12. Line your fabrics. By that i mean if the material is thin then make sure it has identically shaped backing material sewn on the other side. Not only does it make the material less fly-away and crap, it also makes it way more flattering to wear. Plus longer life and no horror story if the material tears. It's a good idea to put backing fabric (like heavy cotton or something) on materials like PVC which tend to curl up because of the elastic in the weave. You want your fabric (unless it's a big girly frilly dress) to be realistic and hang properly. Which means heavy. I think material weight is what makes a good costume stand out from a bad costume. Light costumes tend to ride up, crease badly, twist, and not sit right. Closefit costumes still benefit from lining of some sort.

13. Before sewing panels of material together remember one simple fact- IRONS ARE YOUR FRIEND. There's nothing more annoying than a con full of crushed people. So iron your costume while constructing it to avoid creases you cant fix later when it's all sewn together. Be careful when using an iron however and be aware that sequins, some elastics, PVC and fabric paints all melt and stick to the iron, then usually go on fire pretty quickly. Safety first kiddies! You'll find that material becomes a million times easier on the sewing machine after it's been ironed for some reason. So iron iron iron.

14. Can't find that perfect wig in that perfect color? Then do the obvious thing and dye it. But not just any old way. Dying wigs is a tricky business and hair dyes won't work on synthetic hair. So visit the tutorials section for a step by step guide on how to make and use wig dye, plus styling your wig. It's cheaper than you think.

15. Always use a good sharp long pair of fabric scissors. Not only is it easier to cut straight lines perfectly but they glide through the fabric instead of having to hack away and get frayed edges. There's nothing worse than a pair of dull paper scissors on material. You can even buy special crafts scissors with jaggy edges that make patterns as you cut, which look great for sleeves and decorative trim.

16. You can never own enough clear nail varnish, ribbon and pins. Nail varnish stops threads unraveling and can be used as a varnish, ribbon hides bad edging and gives lines more texture, pins seem to always vanish one by one as the day goes on. Have lots. Toothpicks are also pretty useful for fixing paint detail gone crazy.

17. Before making any type of NiGHTS hat its always a good idea to have something head shaped to put it on, otherwise it's twice as hard to create. I used an old heavy paint tin full of sand, on top of a high chair- so the horns don't get all mangled every time i put it down. Hats are big and tend to get in the way so know where you are going to work on the thing before making one.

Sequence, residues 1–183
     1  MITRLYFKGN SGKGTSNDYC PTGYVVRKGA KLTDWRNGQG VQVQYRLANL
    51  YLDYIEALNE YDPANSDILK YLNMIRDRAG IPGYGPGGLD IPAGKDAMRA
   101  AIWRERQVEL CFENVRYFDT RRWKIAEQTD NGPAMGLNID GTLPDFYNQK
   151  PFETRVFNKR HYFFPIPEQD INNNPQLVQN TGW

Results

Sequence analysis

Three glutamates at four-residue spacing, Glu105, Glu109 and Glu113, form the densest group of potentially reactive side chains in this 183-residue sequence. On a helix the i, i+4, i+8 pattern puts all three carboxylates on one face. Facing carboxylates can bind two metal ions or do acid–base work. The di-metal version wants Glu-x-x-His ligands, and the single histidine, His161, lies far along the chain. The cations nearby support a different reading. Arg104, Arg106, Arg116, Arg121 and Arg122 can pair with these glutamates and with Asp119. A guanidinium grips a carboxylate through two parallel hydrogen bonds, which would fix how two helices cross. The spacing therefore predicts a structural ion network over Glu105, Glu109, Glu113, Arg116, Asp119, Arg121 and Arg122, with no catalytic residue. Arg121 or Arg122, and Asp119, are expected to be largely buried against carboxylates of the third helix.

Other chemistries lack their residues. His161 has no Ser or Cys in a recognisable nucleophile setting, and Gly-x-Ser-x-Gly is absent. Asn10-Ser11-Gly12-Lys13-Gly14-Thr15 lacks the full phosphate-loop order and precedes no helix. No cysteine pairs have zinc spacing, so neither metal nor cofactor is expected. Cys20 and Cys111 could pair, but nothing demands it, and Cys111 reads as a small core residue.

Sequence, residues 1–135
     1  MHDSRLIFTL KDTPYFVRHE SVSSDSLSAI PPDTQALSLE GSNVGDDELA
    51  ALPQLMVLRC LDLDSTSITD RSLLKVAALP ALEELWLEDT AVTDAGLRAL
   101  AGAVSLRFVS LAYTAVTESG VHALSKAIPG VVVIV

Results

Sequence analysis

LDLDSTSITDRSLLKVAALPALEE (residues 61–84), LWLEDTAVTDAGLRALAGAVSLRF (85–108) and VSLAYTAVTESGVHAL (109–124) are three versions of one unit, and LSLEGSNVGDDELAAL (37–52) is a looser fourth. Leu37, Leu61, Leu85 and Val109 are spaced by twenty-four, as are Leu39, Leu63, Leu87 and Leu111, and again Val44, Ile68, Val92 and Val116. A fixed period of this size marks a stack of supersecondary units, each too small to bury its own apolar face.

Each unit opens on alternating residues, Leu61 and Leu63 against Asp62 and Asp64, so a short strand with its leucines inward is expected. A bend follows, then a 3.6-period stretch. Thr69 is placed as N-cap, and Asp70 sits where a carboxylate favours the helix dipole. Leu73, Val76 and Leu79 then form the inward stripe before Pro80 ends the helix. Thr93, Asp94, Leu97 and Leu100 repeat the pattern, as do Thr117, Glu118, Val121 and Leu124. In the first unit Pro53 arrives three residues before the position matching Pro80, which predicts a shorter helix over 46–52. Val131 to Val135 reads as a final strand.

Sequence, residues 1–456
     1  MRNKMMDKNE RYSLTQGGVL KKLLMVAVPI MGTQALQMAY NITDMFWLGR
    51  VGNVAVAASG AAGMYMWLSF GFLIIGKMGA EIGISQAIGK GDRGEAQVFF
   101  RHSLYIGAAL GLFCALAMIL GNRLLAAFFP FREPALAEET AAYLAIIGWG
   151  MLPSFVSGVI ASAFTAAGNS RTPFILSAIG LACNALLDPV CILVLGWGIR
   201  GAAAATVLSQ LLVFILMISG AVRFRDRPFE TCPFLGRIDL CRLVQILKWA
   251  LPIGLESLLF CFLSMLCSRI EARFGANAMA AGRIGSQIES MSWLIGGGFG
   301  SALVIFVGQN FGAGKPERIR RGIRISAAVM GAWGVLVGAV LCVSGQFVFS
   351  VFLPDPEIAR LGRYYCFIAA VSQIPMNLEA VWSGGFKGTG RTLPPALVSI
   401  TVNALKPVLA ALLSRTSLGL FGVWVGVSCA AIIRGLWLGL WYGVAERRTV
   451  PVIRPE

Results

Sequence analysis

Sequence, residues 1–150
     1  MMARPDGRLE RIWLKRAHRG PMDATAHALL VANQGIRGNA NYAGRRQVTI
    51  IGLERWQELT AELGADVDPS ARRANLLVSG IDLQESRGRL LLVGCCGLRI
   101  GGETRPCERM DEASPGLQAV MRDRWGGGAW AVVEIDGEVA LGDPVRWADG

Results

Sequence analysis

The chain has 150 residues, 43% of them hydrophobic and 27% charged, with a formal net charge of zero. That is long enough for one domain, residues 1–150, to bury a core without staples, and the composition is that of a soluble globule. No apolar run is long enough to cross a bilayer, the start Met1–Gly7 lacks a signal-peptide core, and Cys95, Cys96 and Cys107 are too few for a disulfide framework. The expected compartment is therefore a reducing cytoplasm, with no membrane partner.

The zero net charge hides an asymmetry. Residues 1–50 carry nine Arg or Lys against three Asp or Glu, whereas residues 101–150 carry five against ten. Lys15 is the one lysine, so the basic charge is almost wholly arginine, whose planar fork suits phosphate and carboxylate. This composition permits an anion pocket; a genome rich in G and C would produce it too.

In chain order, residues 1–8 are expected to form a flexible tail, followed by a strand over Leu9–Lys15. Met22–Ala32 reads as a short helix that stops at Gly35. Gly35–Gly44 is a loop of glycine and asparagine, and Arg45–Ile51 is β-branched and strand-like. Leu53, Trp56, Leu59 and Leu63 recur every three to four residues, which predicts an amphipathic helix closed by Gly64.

18. Before putting a costume on to try/test it out for size -check it TWICE for stray pins you may have left in the fabric at dangerous angles. I put my hat on with a pin sticking straight out that i'd actually sewn into the lining by complete accident, it ended up giving me a very nasty cut on my scalp, so seriously, always check. I don't want anyone losing any eyes or whatever.

19. When handing wire or old coat hangers use proper WIRE CUTTERS. If you use a hacksaw you will completely dull the blade and get a very ragged edge. Also remember to put masking or duct/stage tape on each end of the cut wire to stop injury. I got scratched the most by sculpture wire. Always be aware of where the other end is. It tends to spring about.

20. If you're using high VOC paint, spray paint or resin then do it OUTDOORS or with all your windows open. Because i have no garden (or face mask) i had to spend a few nights sleeping in my hall because my bedroom was so full of spray paint fumes and gloss fumes. If you have any pet birds or small animals keep them OUT of your area until the fumes are gone.

21. When making clay molds for latex or other materials always coat your mold with regular PVA glue (to seal it). This stops the liquid absorbing into the clay and gives it a smooth non lumpy finish when taken out.


 

-Conventions and common sense-

1. Since fans WILL be fans and often go a bit over the top glomping their favourite character cosplay for photos at Cons, take some BACKUP with you. A big brother, a big sister, your big err.. mother. You get the idea. Never travel to a Con or Expo alone unless you feel 100% safe and able to tackle any pervy fans (or people on the way there) who forget you're just a cosplayer. (A lot of people who don't do cosplay see it as being an adult thing so BEWARE) If you're a girl wearing a skimpy revealing outfit then take a long coat or make a cloak to cover up with while you're not intentionally wanting attention. Plus it could get cold. Having a homegrown bodyguard will also usually boost your confidence with your costume, so make sure you feel safe. If you find yourself cornered or having any unwanted persistent attention then tell the person politely to back off, if they keep at it then find the nearest Con attendant and tell them. Usually hanging around other large groups of people will ward off weirdo's. Sometimes male cosplayers will go out of their way to assist overcrowded girls and vise versa. If you see someone being harassed lend a hand and get them out of any shifty situations, pretending you know each other for example. Keep your wits about you and act sensibly.